Finding Peace in the Pandemic: Answers to Four Important Arguments

As families are locked together for weeks, tempers are flaring, arguments are erupting, and battle lines are being drawn over several arguments that should have been settled long ago. These arguments have divided generations and caused feuds between families. Pitted brother against brother, state against state, and nation against nation.

These may seem to be small, unimportant questions, but I have seen them cause arguments at family gatherings to end in tears and cries of "Are you happy? You ruined Christmas!"

As Mr. Answer Dad, I'm going to try to settle some of these raging debates and bring harmony to our homes. So let's start.

To begin, does a roll of toilet paper unroll over the top or behind the roll?

When I was a teenager, I once got into a rather vigorous debate with my mother who said the TP should unroll behind the roll. I said in a very calm, even voice that she must be crazy, because nobody in their right mind would believe such nonsense.

When I came to a few hours later, the discussion continued; she tried to end the argument by saying, "Look, it doesn't actually matter."

"Good," I said. "I'll keep doing it the right way then," and I ran away from home.

I believe in over-rolling so strongly that when my wife and I were first dating, I was all set to break it off if she was an under-roller.

Luckily for us, the first time I used her bathroom, I saw that she was on the side of goodness and light and our relationship is still going strong nearly 28 years later.

Over-rollers also have proof via the original patent: In December 1891, Seth Wheeler of Albany, New York filed a patent (#US465588A) for ". . .a roll of connected sheets of paper for toilet use, said roll having incisions at intervals. . . whereby the slight connection left may be separated without injury to the connected sheets." And his original drawings all showed the roll placed in the over-the-top fashion, which only proves that those who fail to learn from history are doomed to roll their toilet paper the wrong way.

Official decision: Over-rollers are morally superior to under-rollers..

Next, mayonnaise or Miracle Whip?

As far as I'm concerned, Miracle Whip is the devil's snot. I'm sure the people at Kraft are fine people, but Miracle Whip is nasty and you should only serve it to people you don't like.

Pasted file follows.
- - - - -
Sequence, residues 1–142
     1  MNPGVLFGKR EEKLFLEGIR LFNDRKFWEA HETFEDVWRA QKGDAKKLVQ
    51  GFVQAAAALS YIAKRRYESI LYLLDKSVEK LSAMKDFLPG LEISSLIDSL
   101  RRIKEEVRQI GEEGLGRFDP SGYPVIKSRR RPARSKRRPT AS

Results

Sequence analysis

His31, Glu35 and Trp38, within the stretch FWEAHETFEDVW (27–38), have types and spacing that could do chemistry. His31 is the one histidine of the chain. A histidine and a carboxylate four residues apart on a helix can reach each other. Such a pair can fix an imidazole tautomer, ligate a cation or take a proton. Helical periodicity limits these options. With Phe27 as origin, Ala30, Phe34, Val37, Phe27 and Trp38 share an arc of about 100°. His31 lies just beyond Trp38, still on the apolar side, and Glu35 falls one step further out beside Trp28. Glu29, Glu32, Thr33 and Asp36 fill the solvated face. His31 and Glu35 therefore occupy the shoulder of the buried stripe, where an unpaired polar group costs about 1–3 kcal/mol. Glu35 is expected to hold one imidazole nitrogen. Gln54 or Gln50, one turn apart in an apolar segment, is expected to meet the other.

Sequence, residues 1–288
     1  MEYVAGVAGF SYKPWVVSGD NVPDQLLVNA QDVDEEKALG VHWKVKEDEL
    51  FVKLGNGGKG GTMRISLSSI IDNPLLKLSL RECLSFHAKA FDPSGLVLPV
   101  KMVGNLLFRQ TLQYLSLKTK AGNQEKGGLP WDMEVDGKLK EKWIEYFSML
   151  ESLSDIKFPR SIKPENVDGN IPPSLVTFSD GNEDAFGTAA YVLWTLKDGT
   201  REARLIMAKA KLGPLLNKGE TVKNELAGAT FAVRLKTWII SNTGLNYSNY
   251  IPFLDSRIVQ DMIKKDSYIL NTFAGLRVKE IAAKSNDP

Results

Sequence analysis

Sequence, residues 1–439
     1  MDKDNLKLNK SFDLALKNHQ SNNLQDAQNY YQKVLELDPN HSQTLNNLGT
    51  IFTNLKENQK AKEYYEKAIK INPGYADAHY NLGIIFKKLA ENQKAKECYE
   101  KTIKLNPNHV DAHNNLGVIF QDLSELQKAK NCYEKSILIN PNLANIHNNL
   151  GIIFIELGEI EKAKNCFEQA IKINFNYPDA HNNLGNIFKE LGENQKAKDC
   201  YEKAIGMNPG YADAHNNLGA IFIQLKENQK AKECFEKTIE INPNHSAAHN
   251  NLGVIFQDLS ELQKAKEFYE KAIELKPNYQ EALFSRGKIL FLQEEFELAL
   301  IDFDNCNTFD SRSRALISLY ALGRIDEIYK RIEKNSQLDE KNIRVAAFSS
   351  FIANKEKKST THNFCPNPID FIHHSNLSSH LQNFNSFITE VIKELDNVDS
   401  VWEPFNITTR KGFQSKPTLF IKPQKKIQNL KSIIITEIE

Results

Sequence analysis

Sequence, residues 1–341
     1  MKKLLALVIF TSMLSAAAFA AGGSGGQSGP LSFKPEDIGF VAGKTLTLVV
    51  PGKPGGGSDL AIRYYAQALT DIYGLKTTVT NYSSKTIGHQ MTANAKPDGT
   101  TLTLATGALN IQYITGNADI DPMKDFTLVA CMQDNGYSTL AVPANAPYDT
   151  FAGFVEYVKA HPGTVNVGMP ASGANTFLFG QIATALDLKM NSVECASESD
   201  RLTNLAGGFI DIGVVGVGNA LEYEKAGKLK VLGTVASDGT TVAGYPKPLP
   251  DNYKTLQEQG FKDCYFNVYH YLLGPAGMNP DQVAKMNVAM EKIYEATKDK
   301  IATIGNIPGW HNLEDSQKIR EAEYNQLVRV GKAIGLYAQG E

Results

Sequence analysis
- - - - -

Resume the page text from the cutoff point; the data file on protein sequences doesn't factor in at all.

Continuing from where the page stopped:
In 1893, the notorious serial killer, H. H. Holmes, who claimed to have killed as many as 200 people, lived near that year's World's Fair in Chicago. Forty years later, Miracle Whip was introduced at the 1933 Chicago World's Fair.

Coincidence? Probably, but who's to say for sure?

Official decision: Mayonnaise.

Sandwiches: Triangle Cut or Square Cut?

When I was very young, my mom would always cut my sandwiches — made with mayonnaise — vertically in half. Only occasionally would she cut them diagonally, like they did at restaurants. She insisted that my sandwiches had to be square cut. So I grew up thinking that triangle cuts were the fancy way of cutting sandwiches and only for special occasions. Even now, I feel a twinge of guilt when I cut my sandwiches on the diagonal.

On the other hand, my wife does not like bread crust and says that with the triangle cut, there's a higher crust-to-bread ratio, which she says ruins the sandwich. But with a square cut, the crust-to-bread ratio is more even.

Official decision: Triangle cuts are still the best because they're fancy.

Sticking with the food theme, pop or soda?

Growing up in Indiana, soft drinks were either "pop" or "Coke." It didn't matter what brand of pop you were drinking, it was Coke. Coke was Coke, RC was Coke, even Pepsi was Coke. And when you asked for Coke in a restaurant, the servers knew you wanted a brown cola, regardless of the brand. There was none of this, "Is Pepsi okay?" nonsense they ask you now.

First of all, no, it's not. Second, yes, please. It's all Coke. Even now, I ask for Coke, whether or not it's actual Coca-Cola — "Co-cola" in the South.

Needless to say, I was surprised the first time I ever went to the East Coast and heard someone call Coke "soda." I had never heard that, and they had never heard anyone call it pop. We each believed the other person was a slack-jawed mouth-breather, and we never settled the argument to anyone's satisfaction, except I was right and they were wrong.

Official decision: Now that I live in Florida, I will very occasionally call it soda, but in my heart, it will always be pop.

That's all we have time for on Ask Mr. Answer Dad today. Tune in next time when I demonstrate how a hot dog is a sandwich and pie is far superior to cake.

Photo credit: Seth Wheeler (Wikimedia Commons, Public Domain)

My new humor novel, Mackinac Island Nation, is finished and available on Amazon. You can get the Kindle version here or the paperback version here.